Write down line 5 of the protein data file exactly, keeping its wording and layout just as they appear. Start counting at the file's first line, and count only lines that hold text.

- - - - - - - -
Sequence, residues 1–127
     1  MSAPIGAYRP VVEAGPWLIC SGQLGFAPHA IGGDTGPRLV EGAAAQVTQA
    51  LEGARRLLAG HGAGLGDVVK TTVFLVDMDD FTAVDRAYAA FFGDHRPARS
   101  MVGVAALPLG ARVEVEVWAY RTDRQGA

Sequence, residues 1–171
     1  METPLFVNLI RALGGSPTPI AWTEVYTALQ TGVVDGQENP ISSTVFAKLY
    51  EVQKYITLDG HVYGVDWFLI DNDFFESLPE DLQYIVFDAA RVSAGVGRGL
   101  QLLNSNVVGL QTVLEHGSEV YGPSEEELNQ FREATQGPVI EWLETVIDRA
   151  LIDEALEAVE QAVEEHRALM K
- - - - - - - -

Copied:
Sequence, residues 1–171